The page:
There WON’T be an interest rate rise before Christmas, Bank of England chief economist hints
- Huw Pill took over as the Bank of England’s chief economist from Andy Haldane
- No guarantee that actions will be taken to bring inflation down before Christmas
- Inflation has hit 4.2%, its highest level for a decade and prices are rising fast
The Bank of England’s new chief economist has cast doubt on the likelihood of a rise in interest rates before Christmas.
Huw Pill, who took over from Andy Haldane this summer, said there was a growing need to take action to bring inflation back under control.
But he said there was no guarantee that such a move would come next month, adding: ‘I genuinely do not know today how I will vote.’
Chief economist at The Bank of England, pictured in 2015, Huw Pill said there was a growing need to take action to bring inflation back under control
Speaking at an economics conference in Bristol yesterday, Mr Pill admitted that he was ‘looking perhaps for reasons not to hike rates’.
And he warned that interest rate rises – when they come – may be steeper than expected.
It had been assumed rates would rise to 0.25 per cent and then go up by 25 so-called ‘basis points’ thereafter – such as from 0.25 per cent to 0.5 per cent.
The Bank defied expectations earlier this month by refusing to hike rates from their current record low of 0.1 per cent to 0.25 per cent. Pictured: The Bank of England as seen in October (file photo)
But Mr Pill said: ‘I don’t want to give an impression that there is a piece of data that will come out, and I will look at that and say, “OK, it’s zero or 50 or 25 or 40 basis points”, or whatever.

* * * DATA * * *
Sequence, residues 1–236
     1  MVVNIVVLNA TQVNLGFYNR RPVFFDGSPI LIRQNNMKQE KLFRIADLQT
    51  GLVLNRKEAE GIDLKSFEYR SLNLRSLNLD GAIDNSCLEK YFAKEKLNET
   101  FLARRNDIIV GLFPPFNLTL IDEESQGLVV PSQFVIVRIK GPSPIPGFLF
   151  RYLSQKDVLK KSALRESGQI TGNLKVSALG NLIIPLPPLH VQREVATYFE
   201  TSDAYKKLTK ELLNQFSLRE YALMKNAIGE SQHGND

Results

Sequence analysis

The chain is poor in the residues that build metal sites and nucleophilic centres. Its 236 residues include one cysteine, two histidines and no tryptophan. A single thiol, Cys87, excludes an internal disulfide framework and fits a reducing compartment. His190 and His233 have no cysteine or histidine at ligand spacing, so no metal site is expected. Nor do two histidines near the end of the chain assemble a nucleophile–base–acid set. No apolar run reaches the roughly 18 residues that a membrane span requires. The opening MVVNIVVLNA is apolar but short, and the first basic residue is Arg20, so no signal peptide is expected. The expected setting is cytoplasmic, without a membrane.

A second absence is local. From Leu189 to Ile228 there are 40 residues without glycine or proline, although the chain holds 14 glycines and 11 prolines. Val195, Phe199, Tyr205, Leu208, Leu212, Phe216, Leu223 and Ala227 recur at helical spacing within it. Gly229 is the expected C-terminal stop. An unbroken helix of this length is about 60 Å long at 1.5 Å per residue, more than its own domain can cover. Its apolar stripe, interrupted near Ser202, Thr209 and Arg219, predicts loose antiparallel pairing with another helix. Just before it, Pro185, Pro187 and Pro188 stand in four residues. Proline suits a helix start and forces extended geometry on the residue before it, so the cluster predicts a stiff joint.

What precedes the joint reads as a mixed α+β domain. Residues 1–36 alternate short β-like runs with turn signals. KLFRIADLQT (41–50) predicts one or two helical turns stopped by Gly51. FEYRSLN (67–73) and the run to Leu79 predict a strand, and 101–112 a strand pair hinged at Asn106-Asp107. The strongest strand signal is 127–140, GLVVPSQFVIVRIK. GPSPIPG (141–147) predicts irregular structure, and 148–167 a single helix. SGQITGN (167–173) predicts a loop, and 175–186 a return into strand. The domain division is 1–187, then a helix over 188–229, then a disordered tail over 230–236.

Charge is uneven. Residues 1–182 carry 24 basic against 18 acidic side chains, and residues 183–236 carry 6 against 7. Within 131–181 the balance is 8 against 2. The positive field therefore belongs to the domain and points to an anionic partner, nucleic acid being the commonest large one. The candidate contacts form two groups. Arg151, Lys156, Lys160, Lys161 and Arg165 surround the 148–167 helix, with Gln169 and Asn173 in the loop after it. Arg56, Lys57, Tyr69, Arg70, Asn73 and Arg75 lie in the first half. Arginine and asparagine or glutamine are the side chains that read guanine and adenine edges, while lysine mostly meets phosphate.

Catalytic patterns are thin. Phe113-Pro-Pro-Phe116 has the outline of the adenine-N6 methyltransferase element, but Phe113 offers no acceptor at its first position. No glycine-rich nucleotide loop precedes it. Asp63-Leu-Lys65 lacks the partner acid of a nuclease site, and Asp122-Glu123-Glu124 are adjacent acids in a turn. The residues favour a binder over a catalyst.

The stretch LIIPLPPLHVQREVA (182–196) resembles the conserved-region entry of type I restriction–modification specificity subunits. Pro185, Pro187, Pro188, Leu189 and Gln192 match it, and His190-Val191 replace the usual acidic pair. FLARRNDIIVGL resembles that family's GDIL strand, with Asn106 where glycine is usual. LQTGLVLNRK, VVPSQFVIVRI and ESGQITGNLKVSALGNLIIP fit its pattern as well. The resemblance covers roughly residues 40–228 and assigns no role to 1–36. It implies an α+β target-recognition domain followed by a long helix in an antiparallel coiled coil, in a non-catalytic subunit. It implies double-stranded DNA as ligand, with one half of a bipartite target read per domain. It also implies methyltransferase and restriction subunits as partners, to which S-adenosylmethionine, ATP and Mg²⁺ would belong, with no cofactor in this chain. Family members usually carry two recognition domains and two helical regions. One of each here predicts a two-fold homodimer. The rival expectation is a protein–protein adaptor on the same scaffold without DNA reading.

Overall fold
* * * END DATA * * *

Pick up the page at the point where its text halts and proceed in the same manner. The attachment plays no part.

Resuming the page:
‘There is an attraction at some point to getting back to a multiple of 0.25, but we are not under pressure to do that immediately.’
His comments came as households across the country face a cost-of-living crisis.
Prices are rising at such a fast pace that inflation has hit 4.2 per cent – its highest level for a decade.
It has sparked speculation that the Bank of England will raise interest rates imminently to bring the cost of living back under control.
But while higher interest rates are typically used to curb inflation, they also make mortgages and other loans more expensive.
Households also face higher taxes, with several hikes due in April, including a rise in national insurance to pay for extra spending on health and social care.
The Bank defied expectations earlier this month by refusing to hike rates from their current record low of 0.1 per cent to 0.25 per cent.
The ONS said the rate of Consumer Price Index inflation increased to 4.2 per cent in October from 3.1 per cent in September
The cost of servicing Britain’s towering national debt more than tripled last month as inflation sent interest payments soaring.
In a bleak report, the Office for National Statistics said the Government spent £5.6 billion on debt interest in October alone.
That amounted to £180 million a day and was more than 200 per cent higher than the £1.8 billion spent servicing the debt in October last year.
The national debt has ballooned to nearly £2.28 trillion, or 95.1 per cent of gross domestic product – a level not seen since the early 1960s.